Journal of the House of Commons: Volume 2, 1640-1643. Originally published by His Majesty's Stationery Office, London, 1802.
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Die Martis, 23 Martii, post meridiem
Disarming Irish Army, &c.
To desire a free Conference, by a Committee of both Houses, concerning their joining with this House, to petition his Majesty for the Disbanding of the new-levied Irish Army; disarming the Popish Recusants; and the Removal of Papists from Court; especially those formerly named, viz. Mr. Walth. Mountague, Sir Kenelme Digby, Sir Jo. Wintour, and Sir Toby Mathew.
Sir Walth. Erle and Mr. Rennolds are to manage this Conference; and are to move the Lords, to appoint a Time to petition his Majesty; and are to enforce their Desire of removing the Papists from Court, by that Circumstance of Mr. Walth. Mountague's appearing Yesterday, before both Houses, at the Trial of the Earl of Straford.
Affairs of the Kingdom.
"I am commanded by my Lords here to let you know, that they have taken serious Deliberation of the Propositions made by you, the other Day, in a Conference, concerning the Extremity in which the Kingdom was, for want of Money to give Satisfaction to the Two Armies."
"I am commanded to let you know, their Lordships, in this, and any thing else, that may conduce to the Service of the King, and Good of the Kingdom, will concur, and be very ready to give such Assistance as you shall propound, or upon Debate with them, think fit, to advance the Work. You were pleased to declare the great Industry used for raising of Monies; and truly we conceive it can scarce be parallelled in any Time, where the House of Commons hath shewed so great Affection to the Good of the Kingdom, as, in their own Particulars, to be so engaged as they have been: But they now perceive, though as good Security, as can be, hath been tendered, (not only personal Security, but the Security of the Kingdom, the Bill of Subsidies) the Cause of this Hindrance must be some Apprehension of Damage, which the Kingdom hath, and particularly the City of London, in that they fear unquiet and dangerous Times; and so loth to part with Money; for we cannot but conceive, there is Money in the Kingdom, and in the City: This Fear is that which maketh them all keep the Wealth they have, to serve their Turns in Extremity of Danger; and therefore think, that since there is great Use of Money, to open the Credit of the Kingdom; for the Granting of Subsidies doth not get ready Money, but gives Credit; and Peace and Tranquility will encourage the Lending of Money: And therefore the Lords have commanded the Lords Commissioners, with all Speed, to bring unto you the Bottom of the Treaty with the Scotts; that the Kingdom may see in what Estate we are; and I hope it will be in a few Days towards Peace: And their Lordships, as well for the Sums in Arrear, as for those other great Sums, which are promised, and must in time be provided, will, I make no doubt, likewise concur with you in that, and in all Things else, that may conduce to the Happiness of the State: And therefore, because Ways of Money are more proper to proceed from you, than from us, if you shall think, that any Way, that may be propounded by you, may be effectual; or, if you propound not, their Lordships will let you know some of their Propositions; and if you be not now prepared to confer about it, we shall when you please, debate the same with you."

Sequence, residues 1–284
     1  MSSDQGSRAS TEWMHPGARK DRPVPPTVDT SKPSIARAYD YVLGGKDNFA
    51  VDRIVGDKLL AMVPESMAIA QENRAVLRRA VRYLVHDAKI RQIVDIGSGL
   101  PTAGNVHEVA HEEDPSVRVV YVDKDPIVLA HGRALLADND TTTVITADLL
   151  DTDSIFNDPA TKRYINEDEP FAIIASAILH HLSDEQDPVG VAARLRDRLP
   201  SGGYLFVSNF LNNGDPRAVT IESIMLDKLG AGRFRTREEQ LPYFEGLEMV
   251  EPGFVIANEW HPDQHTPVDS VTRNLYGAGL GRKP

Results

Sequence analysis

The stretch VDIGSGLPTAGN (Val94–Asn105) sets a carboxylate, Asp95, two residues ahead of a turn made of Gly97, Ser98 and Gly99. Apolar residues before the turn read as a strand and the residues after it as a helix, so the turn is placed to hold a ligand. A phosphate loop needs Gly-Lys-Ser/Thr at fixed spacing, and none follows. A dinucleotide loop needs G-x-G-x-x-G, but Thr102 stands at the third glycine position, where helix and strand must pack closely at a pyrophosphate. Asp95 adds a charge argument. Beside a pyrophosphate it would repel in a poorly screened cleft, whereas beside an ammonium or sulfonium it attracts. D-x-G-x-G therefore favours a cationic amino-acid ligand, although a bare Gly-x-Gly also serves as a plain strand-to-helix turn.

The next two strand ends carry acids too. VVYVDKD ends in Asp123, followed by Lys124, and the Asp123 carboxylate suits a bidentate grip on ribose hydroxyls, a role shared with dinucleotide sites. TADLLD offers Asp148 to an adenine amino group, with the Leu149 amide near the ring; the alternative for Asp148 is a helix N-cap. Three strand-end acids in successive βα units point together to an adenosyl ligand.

Ld. Say. - "My Lords have commanded me to let you know, that they do conceive much Content in the good Correspondency between both Houses, as it is evidenced in this Particular; which, though it is a tender Point, (and wherein my Lords will not trench upon your Privileges) you desire their Advice; and there is nothing, wherein they may concur with you, that they will be unwilling unto: One way they have thought of, which, if you approve of it, and think it fit, may be used; whereby the City may be moved, from both Houses, to lend; for There is the Money to be had; but there are some Obstructions, which may be by Mistakes: And I do not doubt but that they will, when they shall be moved by both Houses, be induced to lend that Money, that may serve the Occasion, when the Danger shall be made appear."
Earl of Essex.- "I am only to add this more, that, because there may be another Obstacle of lending Money; the great Grievances and Calamities of this Kingdom, together with the Causers and Advisers thereof; I am commanded to tell you, their Lordships are very sensible of it; and that in Removing of any that have been the Causes of these Troubles, and in the Redress, they shall be ready to join in any Way with you."
Sir W. Erle reports, that he and Mr... delivered That with which they were intrusted, as Managers of this Conference; and that their Lordships Answer was, that they would send Answer by Messengers of their own.
Trial of Earl of Straford.
The House does expect, that all the Members of the House should conform themselves to the Order made for regulating Matters at the Trial of the Earl of Straford; and that the Committee, appointed for that Business, shall complain of any that conform not thereunto.